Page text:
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Differentiating x² + 2xy - 3y² + 16 = 0

  • Thread starter thomas49th
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Homework Statement



A curce has equation:

x² + 2xy - 3y² + 16 = 0

find the co-ordinates of the points on the curve where dy/dx = 0

Homework Equations





The Attempt at a Solution



I dont have a clue. Do I convert them into parametric equations?
 

Answers and Replies

  • #2
Air
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Differentiate Implicitly.

You should get [itex]\mathrm{d}y/ \mathrm{d}x[/itex] within the differentiated equation twice. Factorise [itex]\mathrm{d}y/ \mathrm{d}x[/itex] (by taking it to one side) and rearrange it so that it is only on one side. Then solve for co-ordinates.
 
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  • #3
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i tried looking at implicit differentiation here http://www.maths.abdn.ac.uk/~igc/tch/ma1002/diff/node49.html
and my book but i dont understand it.

dy/dx (x² + 2xy - 3y² + 16)
= 2x + 2y - 3y² + 16

Apparently i should use the chain rule somewhere?
Thanks
 
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  • #4
Redbelly98
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i tried looking at implicit differentiation here http://www.maths.abdn.ac.uk/~igc/tch/ma1002/diff/node49.html
and my book but i dont understand it.

dy/dx (x² + 2xy - 3y² + 16)
= 2x + 2y - 3y² + 16

Apparently i should use the chain rule somewhere?
Thanks
We should write that first line as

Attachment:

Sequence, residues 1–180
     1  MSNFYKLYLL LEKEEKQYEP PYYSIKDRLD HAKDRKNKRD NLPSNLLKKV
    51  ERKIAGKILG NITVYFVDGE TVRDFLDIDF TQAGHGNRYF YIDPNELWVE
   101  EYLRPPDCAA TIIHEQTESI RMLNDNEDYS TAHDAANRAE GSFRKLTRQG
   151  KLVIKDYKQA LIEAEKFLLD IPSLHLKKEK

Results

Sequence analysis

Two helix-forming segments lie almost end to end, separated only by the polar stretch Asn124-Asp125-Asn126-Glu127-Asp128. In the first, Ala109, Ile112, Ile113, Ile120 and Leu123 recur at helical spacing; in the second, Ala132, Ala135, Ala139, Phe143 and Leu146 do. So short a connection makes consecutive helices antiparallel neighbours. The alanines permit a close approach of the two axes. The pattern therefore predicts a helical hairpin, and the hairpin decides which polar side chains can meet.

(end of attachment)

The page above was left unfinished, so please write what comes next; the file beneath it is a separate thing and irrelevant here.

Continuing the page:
d/dx (x² + 2xy - 3y² + 16) = d/dx (0)

i.e., it's "d/dx" and not "dy/dx" in front, since we want to take the derivative with respect to x.

Then use the chain rule, and when needed the product rule. For example:

[tex]
\frac{d}{dx}(x^2 y^4)
= 2x \cdot y^4 + x^2 \cdot 4 y^3 \frac{dy}{dx}
[/tex]
 
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  • #5
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so if i do:

d/dx (x² + 2xy - 3y² + 16)

i get

2x + 2y - 3y²

how am i ment to use the chain rule? I dont see.

dy/dx = dy/du x du/dx is the chain rule. What is u and y

Thanks :)
 
  • #6
Redbelly98
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Let's suppose u = y^4, and we want to differentiate that with respect to x.

d/dx (y^4)
= d/dx (u)
= du/dx
and by the chain rule
= (du/dy) * (dy/dx)
= 4 y^3 * (dy/dx)

Moreover:

d/dx (2xy) is not 2y. You need the product rule here, applied to the functions "x" and "y".
 
  • #7
tiny-tim
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Hi thomas49th! :smile:

Simple question:
dy/dx = dy/du x du/dx is the chain rule. What is u and y
Simple answer:

y is 3y², and u is y. :biggrin:

oh yes they are …

d(3y²)/dx = d(3y²)/dy dy/dx = 6y dy/dx. :smile:
 
  • #8
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im still lost completely. I know the chain rule. I dont see how y is 3y² nor why u is y. Can you show me why. Why do you set u equal to y?
Thanks :)
 
  • #9
tiny-tim
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im still lost completely. I know the chain rule. I dont see how y is 3y² nor why u is y. Can you show me why. Why do you set u equal to y?
Thanks :)
Hi thomas49th! :smile:

Your original problem was implicit differentiation of x² + 2xy - 3y² + 16:

that is, d/dx of x² + 2xy - 3y² + 16.

Obviously , d/dx of x² + 16 is really easy, and d/dx of 2xy is fairly easy … I assume you can do that …

So that leaves d/dx of 3y².

You know how to do d/dy of 3y².

So you use the chain rule: d(3y²)/dx = d(3y²)/dy dy/dx = 6y dy/dx.

Does that make sense? :smile:
 
  • #10
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is d/dx of 2xy
= 2(x+y)
= 2x + 2y ???